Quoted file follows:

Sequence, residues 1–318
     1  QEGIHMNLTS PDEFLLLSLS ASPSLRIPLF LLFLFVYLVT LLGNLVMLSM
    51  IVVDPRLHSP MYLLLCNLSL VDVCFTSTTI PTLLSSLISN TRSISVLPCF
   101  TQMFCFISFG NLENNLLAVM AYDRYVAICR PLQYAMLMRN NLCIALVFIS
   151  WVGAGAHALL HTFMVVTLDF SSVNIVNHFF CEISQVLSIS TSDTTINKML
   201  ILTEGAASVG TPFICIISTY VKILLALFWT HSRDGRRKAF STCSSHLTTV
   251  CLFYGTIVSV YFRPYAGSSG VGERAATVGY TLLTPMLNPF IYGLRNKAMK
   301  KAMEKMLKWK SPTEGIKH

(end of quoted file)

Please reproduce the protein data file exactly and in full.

Sequence, residues 1–318
     1  QEGIHMNLTS PDEFLLLSLS ASPSLRIPLF LLFLFVYLVT LLGNLVMLSM
    51  IVVDPRLHSP MYLLLCNLSL VDVCFTSTTI PTLLSSLISN TRSISVLPCF
   101  TQMFCFISFG NLENNLLAVM AYDRYVAICR PLQYAMLMRN NLCIALVFIS
   151  WVGAGAHALL HTFMVVTLDF SSVNIVNHFF CEISQVLSIS TSDTTINKML
   201  ILTEGAASVG TPFICIISTY VKILLALFWT HSRDGRRKAF STCSSHLTTV
   251  CLFYGTIVSV YFRPYAGSSG VGERAATVGY TLLTPMLNPF IYGLRNKAMK
   301  KAMEKMLKWK SPTEGIKH